Lowell Turner is a professor of International and Comparative Labor at Cornell University’s ILR School. Photo by Rachel Philipson.

Marine Le Pen, Islamophobia, and the polarization of French society

The good news from France is that Marine Le Pen has been defeated in the second and final round of this year’s presidential election. The bad news is that she garnered just over 34 percent of the vote. The National Front (Front National, FN), long seen as a xenophobic, racist, anti-democratic force on the far-right fringes of society, has been electorally “normalized.” Modern France has become politically, socially and economically polarized in ways recognizable to residents of today’s United Kingdom and United States.

In France, problems center on high unemployment, economic stagnation, massive job loss in traditional industrial districts, and perceived inequality between economic and political elites and everyone else. While the search for credible solutions continues, the targeting of scapegoats offers an easy way out for both political opportunists and suffering populations.

This is what Le Pen and the FN’s now substantial movement have to offer. For them the problem is the European Union, the euro, the loss of French sovereignty to elites in Brussels and in a globalizing economy, and above all the immigrants and refugees who are supposedly taking French jobs and social benefits.

Anti-immigrant animus has been central to the FN’s worldview since its founding in 1972 by Marine’s father, Jean-Marie Le Pen. Central to the venom of this perspective is a racist rejection of people of color, including immigrant populations from former French colonies in North and West Africa and elsewhere around the globe. Since many of these immigrants, with and without legal papers, are Muslims, and given recent ISIS-driven terrorist attacks, anti-immigration has sharpened into a full-blown attack on Islam and its believers, thinly veiled as an attack only on radical Islam.

In fanning the flames of Islamophobia, Le Pen and those around her are driving a deep polarization of French society. Instead of working to bring together the diverse French society that they claim to love, they play on fears and dark human instincts. Not so long ago, working class voters in French industrial districts of the north and east voted in large numbers for the French Communist Party. Although subsequently disillusioned, they were blaming neglect and job loss on capitalist owners, a logic that made sense and could even be seen as courageous: challenging the powerful who did in fact control the economic fate of many. As good jobs have disappeared in global markets, many of these voters have swung to the FN, directing their anger at powerless immigrants and refugees. It’s a coward’s game, to blame the powerless (and in many cases the victims), and there can be no excuse for the racism that nurtures Islamophobia and other attacks on dark-skinned immigrants. But it’s one thing for the powerless to attack the even more powerless. Quite another for hate-mongering political opportunists to manipulate and mobilize suffering constituencies. FN leadership is where the buck stops for today’s deepening polarization. But there is responsibility to go around.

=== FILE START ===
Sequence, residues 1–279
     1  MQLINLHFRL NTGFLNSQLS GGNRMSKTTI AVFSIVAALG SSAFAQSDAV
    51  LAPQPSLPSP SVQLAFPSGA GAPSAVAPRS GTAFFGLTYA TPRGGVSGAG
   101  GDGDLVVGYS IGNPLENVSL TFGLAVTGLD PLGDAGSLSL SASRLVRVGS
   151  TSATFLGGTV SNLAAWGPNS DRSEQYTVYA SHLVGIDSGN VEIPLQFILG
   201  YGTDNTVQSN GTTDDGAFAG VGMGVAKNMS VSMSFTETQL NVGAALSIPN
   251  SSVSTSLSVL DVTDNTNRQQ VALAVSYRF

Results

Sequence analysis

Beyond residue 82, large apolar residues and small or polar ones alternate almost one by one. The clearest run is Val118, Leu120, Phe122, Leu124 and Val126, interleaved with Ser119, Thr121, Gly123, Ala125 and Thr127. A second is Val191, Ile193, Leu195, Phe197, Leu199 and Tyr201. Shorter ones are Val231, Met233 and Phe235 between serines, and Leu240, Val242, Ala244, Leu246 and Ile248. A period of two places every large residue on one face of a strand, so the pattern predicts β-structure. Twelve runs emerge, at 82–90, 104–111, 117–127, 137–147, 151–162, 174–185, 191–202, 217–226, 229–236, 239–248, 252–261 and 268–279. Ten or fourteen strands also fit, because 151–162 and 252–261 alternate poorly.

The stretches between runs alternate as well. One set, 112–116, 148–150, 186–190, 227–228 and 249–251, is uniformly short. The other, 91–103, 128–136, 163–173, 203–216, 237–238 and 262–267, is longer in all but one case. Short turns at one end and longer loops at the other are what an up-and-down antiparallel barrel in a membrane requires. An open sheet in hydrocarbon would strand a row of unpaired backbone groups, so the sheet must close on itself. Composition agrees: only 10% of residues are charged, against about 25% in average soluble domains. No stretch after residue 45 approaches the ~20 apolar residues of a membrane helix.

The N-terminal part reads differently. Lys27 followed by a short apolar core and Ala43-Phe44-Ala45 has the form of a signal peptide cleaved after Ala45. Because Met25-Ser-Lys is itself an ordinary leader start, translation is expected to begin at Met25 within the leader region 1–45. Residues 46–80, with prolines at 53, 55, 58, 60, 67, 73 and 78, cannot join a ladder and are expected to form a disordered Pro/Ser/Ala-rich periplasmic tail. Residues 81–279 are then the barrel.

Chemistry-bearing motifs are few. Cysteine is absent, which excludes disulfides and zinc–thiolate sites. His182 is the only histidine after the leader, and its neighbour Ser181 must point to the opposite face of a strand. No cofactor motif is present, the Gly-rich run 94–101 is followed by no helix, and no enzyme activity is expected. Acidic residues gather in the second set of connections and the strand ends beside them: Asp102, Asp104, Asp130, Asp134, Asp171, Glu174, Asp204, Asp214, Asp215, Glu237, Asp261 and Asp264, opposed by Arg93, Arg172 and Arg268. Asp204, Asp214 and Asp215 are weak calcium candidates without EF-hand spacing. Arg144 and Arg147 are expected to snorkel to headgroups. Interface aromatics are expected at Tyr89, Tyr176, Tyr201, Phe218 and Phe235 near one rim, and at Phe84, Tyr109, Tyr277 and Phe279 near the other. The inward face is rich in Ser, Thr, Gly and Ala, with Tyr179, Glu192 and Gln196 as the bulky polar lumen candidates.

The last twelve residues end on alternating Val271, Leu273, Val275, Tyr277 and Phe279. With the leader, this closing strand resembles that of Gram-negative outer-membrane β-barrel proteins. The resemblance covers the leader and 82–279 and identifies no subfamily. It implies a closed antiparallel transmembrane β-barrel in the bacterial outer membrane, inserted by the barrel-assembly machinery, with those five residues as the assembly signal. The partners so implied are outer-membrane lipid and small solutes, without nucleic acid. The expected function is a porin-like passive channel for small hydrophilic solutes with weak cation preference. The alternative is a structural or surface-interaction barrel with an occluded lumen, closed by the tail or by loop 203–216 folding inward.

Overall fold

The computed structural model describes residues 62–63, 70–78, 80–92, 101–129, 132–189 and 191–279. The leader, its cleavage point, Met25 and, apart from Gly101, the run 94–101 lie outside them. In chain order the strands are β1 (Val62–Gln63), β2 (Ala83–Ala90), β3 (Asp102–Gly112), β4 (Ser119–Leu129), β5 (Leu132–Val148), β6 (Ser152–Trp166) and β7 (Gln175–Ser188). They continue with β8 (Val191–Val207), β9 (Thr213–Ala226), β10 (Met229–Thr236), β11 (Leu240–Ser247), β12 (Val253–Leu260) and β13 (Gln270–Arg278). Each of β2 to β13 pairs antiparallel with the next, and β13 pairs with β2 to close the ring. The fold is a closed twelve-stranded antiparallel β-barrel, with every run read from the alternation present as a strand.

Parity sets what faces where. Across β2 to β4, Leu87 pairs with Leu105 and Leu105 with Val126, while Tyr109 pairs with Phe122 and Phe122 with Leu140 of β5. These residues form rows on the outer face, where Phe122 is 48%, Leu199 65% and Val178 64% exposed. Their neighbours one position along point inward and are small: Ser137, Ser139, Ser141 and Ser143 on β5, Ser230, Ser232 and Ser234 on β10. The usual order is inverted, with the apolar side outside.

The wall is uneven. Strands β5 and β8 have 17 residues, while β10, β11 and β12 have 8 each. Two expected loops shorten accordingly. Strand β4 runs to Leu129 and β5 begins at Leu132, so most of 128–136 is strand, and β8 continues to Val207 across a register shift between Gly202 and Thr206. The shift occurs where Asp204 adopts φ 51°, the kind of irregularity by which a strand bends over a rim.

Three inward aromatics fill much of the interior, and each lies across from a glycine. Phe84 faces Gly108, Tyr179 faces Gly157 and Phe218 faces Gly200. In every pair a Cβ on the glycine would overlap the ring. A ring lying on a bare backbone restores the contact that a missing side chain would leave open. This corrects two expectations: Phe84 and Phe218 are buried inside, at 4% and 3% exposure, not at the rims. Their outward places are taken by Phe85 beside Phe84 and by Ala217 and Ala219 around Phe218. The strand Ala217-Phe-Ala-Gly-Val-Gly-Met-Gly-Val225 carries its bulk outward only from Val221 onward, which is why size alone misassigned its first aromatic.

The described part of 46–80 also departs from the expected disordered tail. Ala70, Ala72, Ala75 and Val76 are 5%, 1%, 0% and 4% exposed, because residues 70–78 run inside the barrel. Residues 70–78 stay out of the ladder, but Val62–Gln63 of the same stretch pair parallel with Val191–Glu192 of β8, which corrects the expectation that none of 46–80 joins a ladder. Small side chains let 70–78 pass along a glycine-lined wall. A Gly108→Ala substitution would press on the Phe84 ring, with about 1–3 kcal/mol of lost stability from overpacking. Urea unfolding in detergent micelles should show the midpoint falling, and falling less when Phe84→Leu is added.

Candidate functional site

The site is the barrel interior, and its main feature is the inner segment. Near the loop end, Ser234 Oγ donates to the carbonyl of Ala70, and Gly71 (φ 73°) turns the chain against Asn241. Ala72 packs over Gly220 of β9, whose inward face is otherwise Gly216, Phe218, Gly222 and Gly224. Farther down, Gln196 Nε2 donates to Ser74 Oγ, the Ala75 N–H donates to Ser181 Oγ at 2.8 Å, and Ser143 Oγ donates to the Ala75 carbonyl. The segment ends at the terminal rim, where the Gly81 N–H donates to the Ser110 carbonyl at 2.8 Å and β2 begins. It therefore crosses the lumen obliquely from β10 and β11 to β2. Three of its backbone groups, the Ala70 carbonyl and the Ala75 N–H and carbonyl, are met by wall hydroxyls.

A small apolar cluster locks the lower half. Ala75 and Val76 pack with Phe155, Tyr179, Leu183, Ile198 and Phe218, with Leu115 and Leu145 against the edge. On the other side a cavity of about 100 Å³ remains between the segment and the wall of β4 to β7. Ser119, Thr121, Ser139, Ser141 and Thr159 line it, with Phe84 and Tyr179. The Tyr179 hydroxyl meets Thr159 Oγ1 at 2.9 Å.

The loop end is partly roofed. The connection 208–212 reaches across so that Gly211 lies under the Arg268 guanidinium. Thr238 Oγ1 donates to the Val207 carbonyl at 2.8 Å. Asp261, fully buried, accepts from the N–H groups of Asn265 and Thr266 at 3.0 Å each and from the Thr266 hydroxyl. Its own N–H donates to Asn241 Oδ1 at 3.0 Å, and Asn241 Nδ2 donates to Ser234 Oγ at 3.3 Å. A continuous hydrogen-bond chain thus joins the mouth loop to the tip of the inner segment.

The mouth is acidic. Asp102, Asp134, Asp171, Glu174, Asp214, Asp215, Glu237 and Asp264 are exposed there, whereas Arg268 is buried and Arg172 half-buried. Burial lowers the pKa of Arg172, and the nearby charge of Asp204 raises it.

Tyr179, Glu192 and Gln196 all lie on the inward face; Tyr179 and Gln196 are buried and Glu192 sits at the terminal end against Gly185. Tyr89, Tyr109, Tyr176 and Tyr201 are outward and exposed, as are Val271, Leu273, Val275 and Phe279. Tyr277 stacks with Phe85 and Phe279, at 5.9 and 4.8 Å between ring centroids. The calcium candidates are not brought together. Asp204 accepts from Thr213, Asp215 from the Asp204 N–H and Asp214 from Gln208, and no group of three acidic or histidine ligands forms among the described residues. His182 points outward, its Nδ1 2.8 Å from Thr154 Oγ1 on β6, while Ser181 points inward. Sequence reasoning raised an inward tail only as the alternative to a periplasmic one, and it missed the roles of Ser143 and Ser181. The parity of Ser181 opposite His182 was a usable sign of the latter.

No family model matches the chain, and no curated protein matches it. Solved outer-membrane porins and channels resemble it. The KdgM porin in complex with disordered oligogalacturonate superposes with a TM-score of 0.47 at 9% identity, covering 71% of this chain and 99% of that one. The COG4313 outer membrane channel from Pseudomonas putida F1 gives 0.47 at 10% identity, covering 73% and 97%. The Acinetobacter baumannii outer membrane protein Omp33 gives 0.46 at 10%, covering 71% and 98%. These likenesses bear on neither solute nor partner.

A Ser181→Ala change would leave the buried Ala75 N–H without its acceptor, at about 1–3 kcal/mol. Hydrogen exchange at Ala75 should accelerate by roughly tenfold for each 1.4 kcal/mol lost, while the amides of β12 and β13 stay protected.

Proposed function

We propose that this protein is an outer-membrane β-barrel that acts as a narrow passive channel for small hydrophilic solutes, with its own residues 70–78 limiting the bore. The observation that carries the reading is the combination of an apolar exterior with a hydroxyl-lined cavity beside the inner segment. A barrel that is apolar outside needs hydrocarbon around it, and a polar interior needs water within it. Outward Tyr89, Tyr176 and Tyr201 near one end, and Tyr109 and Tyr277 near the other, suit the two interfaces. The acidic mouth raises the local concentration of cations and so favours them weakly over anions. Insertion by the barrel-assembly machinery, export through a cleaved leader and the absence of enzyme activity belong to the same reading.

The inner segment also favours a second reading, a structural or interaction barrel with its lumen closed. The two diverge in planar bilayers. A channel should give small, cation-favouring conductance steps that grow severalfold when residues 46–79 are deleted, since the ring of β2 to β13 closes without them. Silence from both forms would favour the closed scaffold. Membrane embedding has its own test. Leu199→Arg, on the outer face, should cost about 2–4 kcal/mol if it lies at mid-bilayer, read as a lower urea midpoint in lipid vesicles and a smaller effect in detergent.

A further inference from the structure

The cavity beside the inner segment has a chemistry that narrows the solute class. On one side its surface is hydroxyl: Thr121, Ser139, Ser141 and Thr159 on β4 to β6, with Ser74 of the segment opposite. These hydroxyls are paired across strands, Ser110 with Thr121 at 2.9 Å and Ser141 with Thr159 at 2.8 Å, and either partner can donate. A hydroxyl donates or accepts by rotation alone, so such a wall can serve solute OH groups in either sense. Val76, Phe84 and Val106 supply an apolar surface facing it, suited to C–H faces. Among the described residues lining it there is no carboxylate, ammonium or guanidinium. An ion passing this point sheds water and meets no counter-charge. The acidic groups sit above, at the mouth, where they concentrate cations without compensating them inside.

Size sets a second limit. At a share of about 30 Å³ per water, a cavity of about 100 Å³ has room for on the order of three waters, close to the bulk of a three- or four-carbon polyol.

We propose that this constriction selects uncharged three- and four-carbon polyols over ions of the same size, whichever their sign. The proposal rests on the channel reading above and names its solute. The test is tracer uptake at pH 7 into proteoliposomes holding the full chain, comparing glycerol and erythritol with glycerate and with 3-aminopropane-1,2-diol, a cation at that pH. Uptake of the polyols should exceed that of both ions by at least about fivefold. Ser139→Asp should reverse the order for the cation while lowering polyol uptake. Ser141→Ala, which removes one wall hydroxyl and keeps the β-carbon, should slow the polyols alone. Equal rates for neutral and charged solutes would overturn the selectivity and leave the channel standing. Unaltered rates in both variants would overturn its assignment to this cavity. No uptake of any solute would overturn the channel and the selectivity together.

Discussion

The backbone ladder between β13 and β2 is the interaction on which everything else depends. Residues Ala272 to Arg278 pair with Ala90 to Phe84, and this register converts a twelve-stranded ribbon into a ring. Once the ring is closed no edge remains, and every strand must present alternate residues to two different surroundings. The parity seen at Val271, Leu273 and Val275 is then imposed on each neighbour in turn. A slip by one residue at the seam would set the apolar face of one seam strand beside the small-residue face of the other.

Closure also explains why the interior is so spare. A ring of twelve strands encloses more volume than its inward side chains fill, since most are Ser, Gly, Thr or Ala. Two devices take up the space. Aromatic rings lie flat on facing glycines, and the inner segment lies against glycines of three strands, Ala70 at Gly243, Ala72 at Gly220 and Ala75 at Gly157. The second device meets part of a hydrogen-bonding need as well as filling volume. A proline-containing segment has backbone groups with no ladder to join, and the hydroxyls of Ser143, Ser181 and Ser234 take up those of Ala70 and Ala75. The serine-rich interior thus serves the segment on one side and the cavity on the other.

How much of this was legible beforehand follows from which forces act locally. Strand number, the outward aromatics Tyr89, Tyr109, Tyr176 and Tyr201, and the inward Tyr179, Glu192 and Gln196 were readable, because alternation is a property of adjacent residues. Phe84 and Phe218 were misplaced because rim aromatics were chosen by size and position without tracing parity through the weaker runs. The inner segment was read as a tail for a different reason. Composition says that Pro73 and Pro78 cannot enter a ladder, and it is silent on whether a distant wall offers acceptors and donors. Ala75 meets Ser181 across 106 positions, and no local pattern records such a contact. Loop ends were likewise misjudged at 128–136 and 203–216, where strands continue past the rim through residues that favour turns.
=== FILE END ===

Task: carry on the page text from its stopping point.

A legitimate case can be made that the unrestrained globalization and crippling (and undemocratic) E.U. austerity policy are partly to blame for the misfortunes of many French workers. Economic liberalization has everywhere driven growing inequality and in so doing has opened the door to demagogues — in France as in Britain and the United States. Elite-led liberalization — global, European, French — has caused severe displacement and job loss, and liberalizers such as former investment banker and president-elect Emmanuel Macron have done far too little in support of those on the losing end. In this Le Pen and first-round left-wing candidate Jean Luc Mélenchon agree, as do many others on the moderate left and even moderate right.

The polarization of French society, including demagogue-driven Islamophobia and general anti-immigrant animus, won’t be overcome by attacking the FN-voting 34 percent, many of them powerless victims themselves. Any more than the polarization of U.S. society will be overcome by attacking white working class voters who turned to Trump. Macron has roundly defeated Le Pen and this is good news. He positions himself as a unifier for a diverse, open society. Can he confront Islamophobia head-on? Can he address the undercurrents — E.U. austerity and global liberalization — that empower economic elites and underpin blame-the-victim bigotry?

This election has spared France of the U.S. urgency of resistance to a xenophobic administration. But centrist Macron in victory does not on his own have the answers for deep polarization. For this a social and economic mobilization is necessary, one that both pressures a Macron government and speaks to the displaced tempted by the siren song of white nationalism. French voters have defeated Le Pen and they deserve to celebrate. Let’s hope they don’t make the mistake that Obama voters made in 2008. After a spirited, historic campaign they (we) went home to watch the good news on TV, leaving the field open for a tea party that has driven us into ever deeper polarization and finally the therapy of open resistance. FN normalization, Islamophobia and social polarization are down but not out in France. This is no time for complacency. There is opportunity for progressive countermovement on the stepping stones of a ringing defeat of the politics of reaction.


About the author: Lowell Turner is a professor of International and Comparative Labor at Cornell University’s ILR School.

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